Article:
River Tejo; Meaning in Meaninglessness

July 29, 2017

A Swan Has Landed

September 8, 2017

The End of the Beginning

September 3, 2017

I’ve reached a pretty good stage in my life.

When I say that, I mean three or four months ago, every thought in my head was accompanied by, “is this what normal people do/think/feel?”

Now? I don’t think about that at all. I’ve become numb to things that would’ve affected me pretty badly this time last year. I couldn’t be happier about that. I’m me again.

I made myself a promise a few months ago, when everything and everyone became wrong, that I’d dedicate this Summer to mastering the practise of being honest to myself, to the people around me, and to making sure I’m in the best place possible for Japan.

I’m so happy knowing that I succeeded, because with everybody I saw this summer I was totally comfortable and incontrol of my emotions. I was utterly unashamed. I just felt incredibly like me again, and it might sound silly, but that’s all I’ve been trying to achieve. When you lose yourself so abruptly, you can’t just pretend that it’s all going to be okay without making any steps to patch up the wounds.

I will say, though, that as I sit here with less that 72 hours to go until I’m on that plane out to Tokyo, the “is this what normal people do/think/feel?” thought came back. Because, I suppose, I became a little self-conscious that instead of thinking about bigger things, the thoughts I’ve actually been having include;

You’re only going to be washing your hair two more times in England this year.

These are the last baths you’ll be taking for a good year; enjoy your showers.

You’ll only be sleeping in your bed for another 3 nights.

EastEnders is meant to have a sick storyline coming up; it’ll be tricky watching in Japan.

What if I end up hating Mister Donut doughnuts, and what if they set off the weird lactose intolerance thing I started having in Easter in the way that Krispy Kreme doesn’t?

What if when you sleep on the plane your contact lenses roll to the back of your head and make you blind upon arrival?

What if you accidentally keep saying да instead of はい like you did in first year?

CHECK OUT THAT METAPHOR

In first year, everything was pretty OK, but the issues that came out full blown in second year were developing in the background (you just had to know where to look). In second year, I became heavily reliant on the fact that I was only around 3 hours away from home at any moment when I was in Norwich. It was like I was trying to escape from a tunnel that I knew had been sealed off from both sides. I travelled home often. I maintained contact often. The simplicity of that will be gone when I’m on the other side of the world, constantly either 8 or 9 hours ahead of everyone back home and relying on Wi-fi for calls.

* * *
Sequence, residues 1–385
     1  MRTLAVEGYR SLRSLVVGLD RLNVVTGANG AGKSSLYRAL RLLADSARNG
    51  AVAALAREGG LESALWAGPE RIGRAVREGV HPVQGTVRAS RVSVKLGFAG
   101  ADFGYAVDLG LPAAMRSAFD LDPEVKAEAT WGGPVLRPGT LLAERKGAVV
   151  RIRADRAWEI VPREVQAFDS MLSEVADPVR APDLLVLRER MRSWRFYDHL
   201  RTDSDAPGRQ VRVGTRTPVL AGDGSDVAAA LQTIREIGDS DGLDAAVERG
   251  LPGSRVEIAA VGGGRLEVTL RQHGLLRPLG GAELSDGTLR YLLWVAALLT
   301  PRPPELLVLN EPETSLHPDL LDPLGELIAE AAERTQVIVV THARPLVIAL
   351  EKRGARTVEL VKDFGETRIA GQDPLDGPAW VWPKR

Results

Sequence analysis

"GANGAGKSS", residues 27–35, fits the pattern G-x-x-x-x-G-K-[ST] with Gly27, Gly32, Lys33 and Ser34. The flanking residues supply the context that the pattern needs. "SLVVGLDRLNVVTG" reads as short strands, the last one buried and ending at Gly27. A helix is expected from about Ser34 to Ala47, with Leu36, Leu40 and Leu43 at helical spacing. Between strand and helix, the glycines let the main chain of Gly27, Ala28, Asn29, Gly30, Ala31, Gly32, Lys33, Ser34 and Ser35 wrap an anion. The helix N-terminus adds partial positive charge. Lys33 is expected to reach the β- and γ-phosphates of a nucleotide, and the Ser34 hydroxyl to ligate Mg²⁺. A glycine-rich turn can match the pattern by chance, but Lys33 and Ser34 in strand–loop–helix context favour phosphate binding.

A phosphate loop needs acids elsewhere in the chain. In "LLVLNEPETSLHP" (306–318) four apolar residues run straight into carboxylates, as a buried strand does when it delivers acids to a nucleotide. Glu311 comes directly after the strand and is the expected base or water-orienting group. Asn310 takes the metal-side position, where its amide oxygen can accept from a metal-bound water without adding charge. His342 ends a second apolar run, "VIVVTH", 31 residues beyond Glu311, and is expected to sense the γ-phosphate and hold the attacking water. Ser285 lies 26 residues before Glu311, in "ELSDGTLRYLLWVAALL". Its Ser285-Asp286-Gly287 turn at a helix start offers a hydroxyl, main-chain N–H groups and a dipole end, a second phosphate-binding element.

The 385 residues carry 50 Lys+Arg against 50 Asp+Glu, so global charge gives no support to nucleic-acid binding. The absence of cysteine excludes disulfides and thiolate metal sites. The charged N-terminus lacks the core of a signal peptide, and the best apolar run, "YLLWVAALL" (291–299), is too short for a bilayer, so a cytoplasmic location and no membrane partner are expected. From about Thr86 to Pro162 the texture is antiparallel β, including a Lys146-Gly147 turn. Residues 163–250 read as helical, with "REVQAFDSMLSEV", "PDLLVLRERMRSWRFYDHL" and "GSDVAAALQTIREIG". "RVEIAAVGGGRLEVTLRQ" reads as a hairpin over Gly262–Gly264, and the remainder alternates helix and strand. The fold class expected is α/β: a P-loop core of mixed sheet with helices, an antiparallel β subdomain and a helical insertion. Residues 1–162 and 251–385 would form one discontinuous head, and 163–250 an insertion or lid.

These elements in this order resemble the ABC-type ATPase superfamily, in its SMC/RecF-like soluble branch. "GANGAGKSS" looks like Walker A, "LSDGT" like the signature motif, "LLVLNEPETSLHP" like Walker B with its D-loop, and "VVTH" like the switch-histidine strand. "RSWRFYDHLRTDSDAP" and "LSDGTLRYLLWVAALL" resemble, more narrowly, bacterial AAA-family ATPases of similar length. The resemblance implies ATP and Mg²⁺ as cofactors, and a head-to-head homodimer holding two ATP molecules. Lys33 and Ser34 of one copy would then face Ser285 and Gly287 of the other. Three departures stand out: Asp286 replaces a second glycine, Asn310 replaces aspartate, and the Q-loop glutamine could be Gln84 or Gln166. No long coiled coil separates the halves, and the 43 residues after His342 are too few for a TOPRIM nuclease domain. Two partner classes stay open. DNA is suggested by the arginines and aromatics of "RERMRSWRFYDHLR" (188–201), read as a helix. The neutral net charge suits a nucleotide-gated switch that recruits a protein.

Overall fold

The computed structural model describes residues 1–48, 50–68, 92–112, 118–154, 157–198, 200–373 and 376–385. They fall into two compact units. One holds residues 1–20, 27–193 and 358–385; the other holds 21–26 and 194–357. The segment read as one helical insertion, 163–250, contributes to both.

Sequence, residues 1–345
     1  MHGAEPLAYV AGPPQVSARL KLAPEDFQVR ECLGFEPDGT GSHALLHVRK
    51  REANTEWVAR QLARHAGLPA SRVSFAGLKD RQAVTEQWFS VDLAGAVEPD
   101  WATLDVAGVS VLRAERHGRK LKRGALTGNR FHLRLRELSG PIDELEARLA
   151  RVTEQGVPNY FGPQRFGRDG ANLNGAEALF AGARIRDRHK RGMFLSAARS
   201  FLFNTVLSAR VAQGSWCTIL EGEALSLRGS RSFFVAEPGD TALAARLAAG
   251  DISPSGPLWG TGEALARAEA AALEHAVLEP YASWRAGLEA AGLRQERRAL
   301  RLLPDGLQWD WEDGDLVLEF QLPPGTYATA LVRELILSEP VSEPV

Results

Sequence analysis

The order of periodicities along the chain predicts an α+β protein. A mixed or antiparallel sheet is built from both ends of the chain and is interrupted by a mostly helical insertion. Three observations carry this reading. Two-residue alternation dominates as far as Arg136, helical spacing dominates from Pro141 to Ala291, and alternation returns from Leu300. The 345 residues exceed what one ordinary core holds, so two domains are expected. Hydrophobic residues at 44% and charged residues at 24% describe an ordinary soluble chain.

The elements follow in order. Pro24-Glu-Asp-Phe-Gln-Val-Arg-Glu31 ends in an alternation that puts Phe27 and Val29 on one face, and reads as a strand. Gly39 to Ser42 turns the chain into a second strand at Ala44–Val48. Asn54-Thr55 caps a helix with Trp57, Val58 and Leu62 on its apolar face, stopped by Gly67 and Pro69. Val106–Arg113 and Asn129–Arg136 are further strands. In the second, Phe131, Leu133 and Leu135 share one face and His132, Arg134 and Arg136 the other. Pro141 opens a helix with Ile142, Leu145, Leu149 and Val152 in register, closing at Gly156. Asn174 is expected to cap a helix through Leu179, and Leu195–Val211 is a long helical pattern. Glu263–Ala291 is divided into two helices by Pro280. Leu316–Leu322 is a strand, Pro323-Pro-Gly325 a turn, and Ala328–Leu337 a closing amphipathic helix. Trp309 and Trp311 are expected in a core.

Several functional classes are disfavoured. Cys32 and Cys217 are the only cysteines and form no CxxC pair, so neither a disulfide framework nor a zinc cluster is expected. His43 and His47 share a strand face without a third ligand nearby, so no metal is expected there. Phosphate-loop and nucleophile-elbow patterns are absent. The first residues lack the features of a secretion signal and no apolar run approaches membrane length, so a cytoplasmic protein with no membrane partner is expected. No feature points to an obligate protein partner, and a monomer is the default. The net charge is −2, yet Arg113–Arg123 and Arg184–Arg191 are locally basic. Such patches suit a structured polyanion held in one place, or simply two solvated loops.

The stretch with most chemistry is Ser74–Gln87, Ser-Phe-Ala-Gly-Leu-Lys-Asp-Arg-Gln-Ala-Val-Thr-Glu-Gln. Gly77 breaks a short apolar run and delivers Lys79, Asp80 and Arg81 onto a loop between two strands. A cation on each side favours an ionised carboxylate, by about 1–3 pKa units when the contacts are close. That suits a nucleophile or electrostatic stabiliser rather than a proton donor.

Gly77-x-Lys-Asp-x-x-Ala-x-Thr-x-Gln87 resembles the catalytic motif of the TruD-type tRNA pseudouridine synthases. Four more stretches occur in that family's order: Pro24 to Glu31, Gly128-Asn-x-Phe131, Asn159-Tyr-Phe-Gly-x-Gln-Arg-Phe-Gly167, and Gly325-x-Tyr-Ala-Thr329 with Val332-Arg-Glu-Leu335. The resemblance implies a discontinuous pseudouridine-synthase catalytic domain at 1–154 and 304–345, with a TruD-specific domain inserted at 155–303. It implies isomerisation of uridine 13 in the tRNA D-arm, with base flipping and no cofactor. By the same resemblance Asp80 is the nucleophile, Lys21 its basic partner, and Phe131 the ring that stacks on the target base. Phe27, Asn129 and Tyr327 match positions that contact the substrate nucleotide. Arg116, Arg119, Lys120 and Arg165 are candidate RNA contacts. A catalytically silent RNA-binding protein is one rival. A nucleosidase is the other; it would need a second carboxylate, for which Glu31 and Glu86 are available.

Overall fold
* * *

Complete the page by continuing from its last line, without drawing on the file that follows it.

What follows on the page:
I mean, I write that like it’s a massive deal to me. And it would’ve been a few months ago, but thankfully it’s not anymore. It’s just life, and I’m going with it.

Travelling doesn’t concern me because I’ve always been bouncing from one country to another every year of my life. I’m pretty sure that as I go through security, waving goodbye for the final time in a long time to my family on Wednesday, the thought going through my head will be none other than I really hope BA doesn’t mess up getting me the vegan meal I requested or I won’t be eating for 12 hours.

The thought sitting comfortably below it, knowing that it doesn’t have to come to the surface to be acknowledged, will be Congratulations on getting to the part of your life you only dreamed about half-seriously in that classroom 4 years ago. Congratulations. Congratulations.

The truth is, I couldn’t be happier that I’m thinking in this particular way. Because I would honestly so much rather be worrying about silly things rather than having a full blown panic attack about missile tests or earthquakes or nuclear power plants or anything like that.

Words can’t describe how I feel right now. It’s like I’m enveloped in some kind of powerful satisfaction, some form of content so powerful it swells in my chest and makes me want to cry. I don’t, and won’t, regret anything at all anymore.

I’m really, really happy to say that I think I’m as ready as I’ll ever be.

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